Night Shift is a surprisingly funny gem that came out of the early 80's and is most likely responsible for jumpstarting the careers of both Ron Howard and Michael Keaton. I'm stunned that this film doesn't have more of a following, as it still holds up and is full of memorable moments (and a brief appearance from a young Kevin Costner as an extra). Of course, what sells the film is the chemistry between Henry Winkler and Michael Keaton, who totally have an 80's Odd Couple kind of relationship.
The entire premise never should have worked. Morgue by day, brothel by night? This film should've gone down as one of the most ludicrous attempts at comedy ever made, but it didn't. Even early on in his career, it was clear that Ron Howard was going to be great at taking a bizarre, outlandish story and making a decent film out of it. Besides, how can any film go wrong when you've got Keaton in a comedic role. His performance as Billy Blazejowski steals the film and shows why Keaton was later chosen to play Beetlejuice.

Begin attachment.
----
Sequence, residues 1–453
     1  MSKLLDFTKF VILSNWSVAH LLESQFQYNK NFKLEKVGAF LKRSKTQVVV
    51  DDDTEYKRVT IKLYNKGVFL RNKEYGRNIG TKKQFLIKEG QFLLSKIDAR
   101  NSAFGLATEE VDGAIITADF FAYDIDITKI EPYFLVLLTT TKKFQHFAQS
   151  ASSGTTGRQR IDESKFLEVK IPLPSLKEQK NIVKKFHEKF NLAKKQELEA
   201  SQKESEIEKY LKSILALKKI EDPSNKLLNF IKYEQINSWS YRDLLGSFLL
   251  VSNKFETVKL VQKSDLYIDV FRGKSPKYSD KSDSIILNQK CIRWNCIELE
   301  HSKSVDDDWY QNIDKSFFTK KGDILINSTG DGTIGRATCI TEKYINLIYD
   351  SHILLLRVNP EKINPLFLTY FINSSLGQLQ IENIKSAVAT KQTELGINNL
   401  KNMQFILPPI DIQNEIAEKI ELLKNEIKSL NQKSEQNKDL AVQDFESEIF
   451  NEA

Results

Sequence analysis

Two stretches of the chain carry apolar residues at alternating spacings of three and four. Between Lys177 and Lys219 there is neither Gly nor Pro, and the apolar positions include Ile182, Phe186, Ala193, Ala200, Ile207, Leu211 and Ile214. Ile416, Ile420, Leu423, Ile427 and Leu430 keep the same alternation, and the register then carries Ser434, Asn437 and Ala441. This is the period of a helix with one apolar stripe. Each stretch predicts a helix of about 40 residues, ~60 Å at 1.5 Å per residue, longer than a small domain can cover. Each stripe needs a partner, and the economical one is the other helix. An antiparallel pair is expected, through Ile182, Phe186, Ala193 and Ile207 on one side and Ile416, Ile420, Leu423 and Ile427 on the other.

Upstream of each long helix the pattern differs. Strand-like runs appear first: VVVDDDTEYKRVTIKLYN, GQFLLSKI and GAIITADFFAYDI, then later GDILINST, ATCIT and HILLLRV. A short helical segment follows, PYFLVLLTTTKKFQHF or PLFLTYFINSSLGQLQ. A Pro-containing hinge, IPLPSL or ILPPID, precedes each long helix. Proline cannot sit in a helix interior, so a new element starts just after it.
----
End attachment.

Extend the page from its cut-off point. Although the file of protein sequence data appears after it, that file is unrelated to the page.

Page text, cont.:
I always like films that have shy characters evolve into take-charge leaders, which is exactly what happens with Winkler's character Chuck Lumley. His meaningless existence finally has something to live for when he falls for Shelley Long's Belinda, which is a very sweet love story at the heart of a laugh-out-loud comedy. As I said, it's remarkable that Night Shift isn't recognized as a formidable comedy of the 1980's. I think it deserves to be.